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A whirlwind three months!

How quickly the past three months have gone!

In May, I gave a talk at the Tufts Environmental Literacy Institute’s annual conference. This year’s theme – One Health – couldn’t be more perfect. It was an amazing opportunity for Village Zero to get our name out among global game-changers who have a vested interest in both health and the environment. Interested in checking out the presentation? You can find it here.

June and July have been primarily dedicated to putting the final touches on our manuscript “Spatiotemporal Patterns of Annual Cholera Outbreaks in Matlab, Bangladesh”, which we recently submitted to PLoS ONE. Though we can’t share the draft of our paper until it’s been accepted, I wanted to share our abstract to offer a glimpse into what eye-opening and incredible work we’ve been able to do with the help of our donors and partner organizations:

“Endemic cholera demonstrates bimodal seasonality in Bangladesh, peaking before and after the monsoon season every year. While this temporality has been researched extensively, geospatial trends have received less attention in the current literature. This is perhaps the first attempt to explore the spatiotemporal trajectory of endemic cholera in the near-coastal, rural community of Matlab, Bangladesh using 10 years of geographically referenced survey data from the International Centre of Diarrheal Disease Research, Bangladesh (ICDDR,B). Cholera cases were plotted in time and space, and Getis-Ord Gi* was utilized to quantify geospatial clustering of disease from one month to the next. Our analysis indicates that villages closer to the Meghna River in the southeast region of the study area experience greatest overall cholera incidence and statistically significant, positive case clustering (p = .05). April/May and November/December represent 25% and 23% of total annual case counts respectively. The first and second peaks also represent 19% and 20% of positive case clusters respectively, all of which are within the southeast corner of the study area. Such initial results demonstrate great promise in advancing our present knowledge of endemic cholera in Bangladesh. By improving our understanding of cholera proliferation, disease mitigation resources can be distributed to the most susceptible areas when they need them most. The next step forward involves the use of mobile health (mHealth) case surveillance for real-time spatiotemporal cholera data acquisition and forecasting model development.”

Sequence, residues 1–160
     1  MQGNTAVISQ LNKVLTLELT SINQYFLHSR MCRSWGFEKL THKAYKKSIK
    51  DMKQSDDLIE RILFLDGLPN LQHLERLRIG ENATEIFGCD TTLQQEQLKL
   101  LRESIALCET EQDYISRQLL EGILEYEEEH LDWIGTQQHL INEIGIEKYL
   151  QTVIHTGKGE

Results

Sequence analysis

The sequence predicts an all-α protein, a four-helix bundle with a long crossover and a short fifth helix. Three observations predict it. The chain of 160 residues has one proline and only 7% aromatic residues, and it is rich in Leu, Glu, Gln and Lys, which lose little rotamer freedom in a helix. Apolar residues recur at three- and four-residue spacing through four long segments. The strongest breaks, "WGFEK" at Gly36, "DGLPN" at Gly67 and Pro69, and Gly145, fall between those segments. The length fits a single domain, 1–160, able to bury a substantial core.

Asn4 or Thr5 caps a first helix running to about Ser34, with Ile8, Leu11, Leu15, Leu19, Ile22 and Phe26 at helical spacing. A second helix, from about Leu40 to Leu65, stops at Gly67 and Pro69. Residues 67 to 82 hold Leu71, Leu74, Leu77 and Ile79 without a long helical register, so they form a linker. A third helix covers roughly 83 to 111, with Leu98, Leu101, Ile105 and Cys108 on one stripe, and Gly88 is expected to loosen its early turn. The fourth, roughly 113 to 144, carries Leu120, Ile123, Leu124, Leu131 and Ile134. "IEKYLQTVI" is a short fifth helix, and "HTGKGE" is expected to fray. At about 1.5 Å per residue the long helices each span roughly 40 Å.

The Village Zero Team prides itself in being a “humanitarian research organization”; our goal is to create scientifically verifiable, intellectually credible information that can help key water, sanitation, and health organizations in Bangladesh utilize their resources for the greatest possible impact against endemic cholera. In the fall, our next steps include testing some of the environmental models that we’ve been developing against existing data sets and creating a user-friendly applet that utilizes these models to accurately predict the probability of cholera incidence in a given vilalge given humidity, rainfall, and temperature. We hope that these tools prove useful to our partner organizations like the ICDDR,B that work tirelessly to cure Bangladesh of endemic cholera. Moreover, we expect that once our first paper has been published, we’ll be able to garner the funding necessary to implement the dynamic, mHealth surveillance portion of our mission; with real-time data, we’ll be able to better hone the tools we develop and thus, better inform cholera mitigation strategies in Bangladesh. It’s bound to be an exciting several months ahead!

With Gratitude,
Maia